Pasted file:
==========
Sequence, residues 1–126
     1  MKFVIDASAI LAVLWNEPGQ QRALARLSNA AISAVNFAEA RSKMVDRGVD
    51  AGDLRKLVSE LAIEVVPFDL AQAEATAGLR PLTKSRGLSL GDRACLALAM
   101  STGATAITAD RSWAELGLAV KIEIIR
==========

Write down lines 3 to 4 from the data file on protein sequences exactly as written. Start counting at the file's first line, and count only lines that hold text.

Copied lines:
    51  AGDLRKLVSE LAIEVVPFDL AQAEATAGLR PLTKSRGLSL GDRACLALAM
   101  STGATAITAD RSWAELGLAV KIEIIR